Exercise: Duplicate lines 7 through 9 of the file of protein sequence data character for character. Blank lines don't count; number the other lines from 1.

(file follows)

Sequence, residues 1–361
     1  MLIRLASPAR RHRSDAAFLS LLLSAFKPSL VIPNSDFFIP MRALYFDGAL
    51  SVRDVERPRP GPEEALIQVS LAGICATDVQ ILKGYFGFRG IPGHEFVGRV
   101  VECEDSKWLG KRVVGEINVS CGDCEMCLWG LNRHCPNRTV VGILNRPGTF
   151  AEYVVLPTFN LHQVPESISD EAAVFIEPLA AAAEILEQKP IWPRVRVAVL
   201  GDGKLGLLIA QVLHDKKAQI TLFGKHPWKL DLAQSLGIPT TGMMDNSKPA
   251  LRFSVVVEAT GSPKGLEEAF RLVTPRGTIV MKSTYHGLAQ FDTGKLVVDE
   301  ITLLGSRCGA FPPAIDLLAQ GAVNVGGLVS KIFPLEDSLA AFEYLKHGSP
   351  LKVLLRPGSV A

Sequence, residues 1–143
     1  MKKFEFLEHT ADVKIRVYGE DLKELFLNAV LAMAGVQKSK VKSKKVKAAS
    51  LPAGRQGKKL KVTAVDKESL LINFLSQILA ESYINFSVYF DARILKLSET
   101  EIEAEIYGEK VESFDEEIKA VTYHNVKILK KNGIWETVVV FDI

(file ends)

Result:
   251  LRFSVVVEAT GSPKGLEEAF RLVTPRGTIV MKSTYHGLAQ FDTGKLVVDE
   301  ITLLGSRCGA FPPAIDLLAQ GAVNVGGLVS KIFPLEDSLA AFEYLKHGSP
   351  LKVLLRPGSV A